November 3 Green Energy News

Headline News:

  • “Six Environmental Ballot Measures Attract Massive Out-of-State and Industry Cash” • Voters in Alaska, Arizona, Colorado, Montana, Nevada, and Washington will head to the polls on November 6 with the chance to decide on hotly contested environmental regulations. A lot of industry cash is being spent to influence the vote. [Center for Public Integrity]

Colorado view of mountains and a nodding donkey (David Zalubowski | AP)

  • “Access to Electricity Is Growing Rapidly Around the World – Except in Africa” • For the first time ever, there are fewer than a billion people without electricity globally, new data from the International Energy Agency’s World Energy Outlook 2018 shows. But most of the half billion people who have got electric power since 2011 are in Asia. [Quartz]
  • “Supreme Court Won’t Block Children’s Climate Change Lawsuit” • The Supreme Court rejected the request by the Trump administration to stop a lawsuit brought by youths who are seeking to hold the government accountable for failing to do enough to fight climate change. The lawsuit could be stopped in a different court or later, however. [CNN]
  • “SCE&G Lied to Regulators to Keep VC Summer Project Alive” • On at least two occasions, SCE&G intentionally buried damaging reports that could have prompted the South Carolina Public Service Commission to scrutinize or cancel the Cayce-based utility’s $9 billion nuclear construction project, the commissioners were told. [The State]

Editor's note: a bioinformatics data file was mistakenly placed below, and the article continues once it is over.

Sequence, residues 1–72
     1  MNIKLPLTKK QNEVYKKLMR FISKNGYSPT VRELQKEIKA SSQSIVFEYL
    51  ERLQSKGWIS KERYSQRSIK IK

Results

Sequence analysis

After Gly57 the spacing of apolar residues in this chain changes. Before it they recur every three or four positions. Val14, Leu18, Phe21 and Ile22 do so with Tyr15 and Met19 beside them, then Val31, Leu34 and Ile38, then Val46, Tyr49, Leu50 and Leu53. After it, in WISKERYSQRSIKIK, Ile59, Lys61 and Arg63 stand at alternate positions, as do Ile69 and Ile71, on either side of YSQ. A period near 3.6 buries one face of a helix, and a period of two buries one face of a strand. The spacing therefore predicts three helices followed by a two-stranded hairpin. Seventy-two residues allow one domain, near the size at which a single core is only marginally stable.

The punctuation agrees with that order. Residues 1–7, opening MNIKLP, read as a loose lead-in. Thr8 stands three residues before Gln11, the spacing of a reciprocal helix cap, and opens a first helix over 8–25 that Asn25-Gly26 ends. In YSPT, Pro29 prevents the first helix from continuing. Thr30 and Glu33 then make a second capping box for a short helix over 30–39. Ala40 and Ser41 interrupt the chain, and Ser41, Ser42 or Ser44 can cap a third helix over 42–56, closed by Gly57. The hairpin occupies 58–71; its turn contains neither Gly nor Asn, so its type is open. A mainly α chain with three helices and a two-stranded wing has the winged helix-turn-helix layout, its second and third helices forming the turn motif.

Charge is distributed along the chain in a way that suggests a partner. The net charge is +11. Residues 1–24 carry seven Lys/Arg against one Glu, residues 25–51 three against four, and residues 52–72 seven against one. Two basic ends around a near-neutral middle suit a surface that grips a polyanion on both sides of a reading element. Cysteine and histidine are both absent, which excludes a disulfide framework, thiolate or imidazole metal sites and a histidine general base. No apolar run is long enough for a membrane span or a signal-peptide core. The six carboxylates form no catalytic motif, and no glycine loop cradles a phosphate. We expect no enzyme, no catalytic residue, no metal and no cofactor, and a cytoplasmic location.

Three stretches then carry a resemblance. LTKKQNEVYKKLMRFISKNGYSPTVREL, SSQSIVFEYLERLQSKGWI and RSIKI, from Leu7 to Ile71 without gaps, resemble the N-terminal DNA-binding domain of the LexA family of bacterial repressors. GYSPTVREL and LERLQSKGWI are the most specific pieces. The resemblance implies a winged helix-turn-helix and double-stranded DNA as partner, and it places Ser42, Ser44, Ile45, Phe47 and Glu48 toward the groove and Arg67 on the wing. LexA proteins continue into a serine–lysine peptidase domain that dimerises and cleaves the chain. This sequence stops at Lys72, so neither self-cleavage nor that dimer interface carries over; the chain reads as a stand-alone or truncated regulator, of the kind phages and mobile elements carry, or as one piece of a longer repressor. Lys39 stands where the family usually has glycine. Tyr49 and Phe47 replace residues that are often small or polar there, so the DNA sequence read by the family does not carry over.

• “Avangrid Plans 2 GW of – Including Offshore Wind – and Thousands of Jobs” • Avangrid CEO James P Torgerson, speaking at a conference, said his company has plans to inject a combined 2 GW of renewable energy into the New England power grid, create thousands of jobs. Much of the new capacity would be offshore windpower. [Windpower Engineering]

For more news, please visit geoharvey – Daily News about Energy and Climate Change.

November 2 Green Energy News

Headline News:

  • “In Iowa Farm Country, These Candidates are Taking on Climate Deniers” • This election will test how long Iowa is willing to tolerate elected leaders who deny one of the greatest risks to the farming industry. “One thing about climate change – farmers care about that,” a political science professor at the University of Iowa said. [InsideClimate News]

Flooding on an Iowa farm (Tony Webster, CC-BY-2.0)

  • “These Red and Blue States are Tackling Climate Change Since Trump Won’t” • If you have been focused on reports of climate disaster, or on the Trump administration’s relentless attacks on environmental safeguards and climate science, you are likely to worry that we are not making progress at all. But look a little closer. [Environmental Defense Fund]